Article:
Cities expand, and often a decision has to be made. Should it grow high, or grow outward. Not sure what the answer is, but, I do hate skylines of a city.

    • Bola Akande June 2, 2017 at 6:13 pm #

      Thanks. Cities like London can only grow high due to restricted land, on the other hand, cities like Oklahoma in the US could grow outwards as there is more land. It’s such a shame that we have a limited view of the Thames.

  4. Phoenicia June 2, 2017 at 4:51 pm #

    Great post Bola!

    I lived in South London for the first 30 years of my life. I cannot quite get my head around the changes. As you have stated, overpriced “luxury” apartments are popping up everywhere. London is losing its “sky” by the second. I drove through South East London recently and felt slightly claustrophobic. Where there once was green open space, there are now flats. People are being crammed into small spaces. Not for me at all.

    • Bola Akande June 2, 2017 at 6:08 pm #

      It’s quite suffocating and even walking through the streets feels claustrophobic. People get in each others way due to the lack of space.

  5. RoseMary Griffith June 2, 2017 at 5:13 pm #

    London was overwhelming when we were there last year–already having the feel of NYC or Madrid or Milan to it. Sounds like it is getting even more so. Pittsburgh’s downtown area is restricted by the natural boundaries of the three rivers. However, that doesn’t stop the tearing down and building up from occurring. Like your comment on the housing, it seems here every renovation or new highrise is intended as “luxury” apartments. With them being out of our price range, as middle class folks, leaves us wondering who can afford them?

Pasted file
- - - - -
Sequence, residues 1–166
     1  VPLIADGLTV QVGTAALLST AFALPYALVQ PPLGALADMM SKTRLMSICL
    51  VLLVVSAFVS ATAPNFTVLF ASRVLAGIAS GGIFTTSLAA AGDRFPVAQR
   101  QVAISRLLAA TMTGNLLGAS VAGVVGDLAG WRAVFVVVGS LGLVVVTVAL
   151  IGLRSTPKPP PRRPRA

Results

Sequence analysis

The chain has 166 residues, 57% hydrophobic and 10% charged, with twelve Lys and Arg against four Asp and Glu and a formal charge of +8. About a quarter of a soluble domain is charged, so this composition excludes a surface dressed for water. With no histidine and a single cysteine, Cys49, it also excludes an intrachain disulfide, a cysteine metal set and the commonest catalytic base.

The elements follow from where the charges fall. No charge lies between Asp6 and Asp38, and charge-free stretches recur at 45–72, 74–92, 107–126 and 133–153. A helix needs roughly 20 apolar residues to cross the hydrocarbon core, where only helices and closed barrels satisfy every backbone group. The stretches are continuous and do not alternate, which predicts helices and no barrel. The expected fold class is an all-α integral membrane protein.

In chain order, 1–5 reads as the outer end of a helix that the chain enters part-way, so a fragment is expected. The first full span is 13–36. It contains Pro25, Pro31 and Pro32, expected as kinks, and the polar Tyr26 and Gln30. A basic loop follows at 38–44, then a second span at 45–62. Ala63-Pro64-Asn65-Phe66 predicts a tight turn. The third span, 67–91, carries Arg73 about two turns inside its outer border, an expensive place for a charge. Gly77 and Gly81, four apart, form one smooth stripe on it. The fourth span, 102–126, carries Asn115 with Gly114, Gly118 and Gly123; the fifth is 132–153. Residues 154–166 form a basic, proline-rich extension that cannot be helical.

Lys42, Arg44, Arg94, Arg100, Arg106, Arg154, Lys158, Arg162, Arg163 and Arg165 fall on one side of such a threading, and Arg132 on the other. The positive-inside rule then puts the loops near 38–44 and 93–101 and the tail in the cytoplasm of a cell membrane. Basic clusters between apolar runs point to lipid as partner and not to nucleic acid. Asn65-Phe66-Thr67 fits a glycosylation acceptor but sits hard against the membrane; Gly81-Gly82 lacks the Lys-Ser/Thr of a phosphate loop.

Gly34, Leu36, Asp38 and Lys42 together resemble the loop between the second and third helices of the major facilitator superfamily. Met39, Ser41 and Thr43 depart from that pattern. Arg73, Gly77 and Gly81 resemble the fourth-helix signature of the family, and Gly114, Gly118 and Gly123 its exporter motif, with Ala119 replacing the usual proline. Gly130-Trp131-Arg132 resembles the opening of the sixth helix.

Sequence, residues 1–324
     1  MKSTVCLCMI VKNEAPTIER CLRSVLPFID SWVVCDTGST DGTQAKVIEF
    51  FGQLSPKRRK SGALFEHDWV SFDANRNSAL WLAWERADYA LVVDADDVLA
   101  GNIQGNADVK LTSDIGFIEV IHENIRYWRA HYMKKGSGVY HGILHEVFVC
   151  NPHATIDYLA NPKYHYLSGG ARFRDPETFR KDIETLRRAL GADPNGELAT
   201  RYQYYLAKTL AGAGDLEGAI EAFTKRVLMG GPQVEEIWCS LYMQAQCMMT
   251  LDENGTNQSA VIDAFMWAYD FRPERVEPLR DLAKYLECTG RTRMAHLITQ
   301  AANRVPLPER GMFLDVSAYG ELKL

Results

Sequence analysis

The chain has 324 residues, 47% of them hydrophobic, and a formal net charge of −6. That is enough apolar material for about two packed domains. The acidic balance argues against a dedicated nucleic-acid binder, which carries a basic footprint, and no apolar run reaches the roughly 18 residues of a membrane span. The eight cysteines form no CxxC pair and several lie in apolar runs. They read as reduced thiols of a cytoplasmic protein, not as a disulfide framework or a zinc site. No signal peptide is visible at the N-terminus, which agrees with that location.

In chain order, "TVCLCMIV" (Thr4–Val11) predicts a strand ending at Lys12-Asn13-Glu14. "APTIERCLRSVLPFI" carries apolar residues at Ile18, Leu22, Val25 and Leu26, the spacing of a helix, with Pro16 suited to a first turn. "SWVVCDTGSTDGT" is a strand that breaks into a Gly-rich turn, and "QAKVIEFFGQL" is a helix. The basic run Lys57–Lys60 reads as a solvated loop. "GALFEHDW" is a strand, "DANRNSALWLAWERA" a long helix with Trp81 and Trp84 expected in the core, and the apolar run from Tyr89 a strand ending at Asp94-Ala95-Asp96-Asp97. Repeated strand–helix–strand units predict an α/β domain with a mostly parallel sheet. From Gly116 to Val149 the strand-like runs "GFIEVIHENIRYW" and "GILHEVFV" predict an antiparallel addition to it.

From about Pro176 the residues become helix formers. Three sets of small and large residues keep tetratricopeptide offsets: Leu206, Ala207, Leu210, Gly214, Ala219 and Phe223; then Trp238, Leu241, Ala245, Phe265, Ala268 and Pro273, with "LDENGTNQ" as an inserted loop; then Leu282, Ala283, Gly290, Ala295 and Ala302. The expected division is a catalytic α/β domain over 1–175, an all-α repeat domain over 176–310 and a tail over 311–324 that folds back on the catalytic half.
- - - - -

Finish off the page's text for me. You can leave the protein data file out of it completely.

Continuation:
I hope London manages to retain the small town areas. I hope all our cities do.

    • Bola Akande June 2, 2017 at 6:05 pm #

      So true! Each time I walk past one, I cannot help but question who could afford these prices.

  6. Andy June 3, 2017 at 4:07 am #

    Gentrification afflicts a lot of places, and it comes as no surprise that London, an expensive city to begin with, is one of them – it certainly afflicts West Philadelphia, in which I went to uni once upon a time. Developers snap up property with well-to-do clients in mind; rents zoom up in a major way; ordinary people and ‘mom and pop’ businesses are priced out of the area; community falls by the wayside, as you point out. Stomach-churning, isn’t it? I, too, wish I had the resources to do something about the situation…

    • Bola Akande June 4, 2017 at 9:04 pm #

      It’s such a shame that’s the situation is out of our hands.

  7. Rachel Heller June 4, 2017 at 11:58 am #

    I guess I feel more optimistic than you do. Look at NYC: very dense development with skyscrapers everywhere, yet there are still distinct neighborhoods with distinct characters. I can’t imagine London ever being anything but a vibrant, diverse, exciting city, with a fascinating historical base. There really should, though, be some sort of guidelines in terms of affordability. When a developer builds something, a certain percentage of the housing should be designated and priced for low, middle and high income, so the area stays mixed, and affordable at all salary levels.

    • Bola Akande June 4, 2017 at 9:08 pm #

      Quite right. There isn’t much consideration for low or middle earners.

  8. Demi June 27, 2017 at 1:31 pm #

    Unfortunately do to the nature of the commerce free market society we live in , the regeneration of London including its urban areas has now made city dwelling an attractive location for those business elites who can afford to live in wealthier households. More and more of these households can found in central city locations not just in London but in other countries across the globe. They have created profitable redevlopment for the market and have caused uneven investment throughout society or rather gentrifiable space for the middle classes.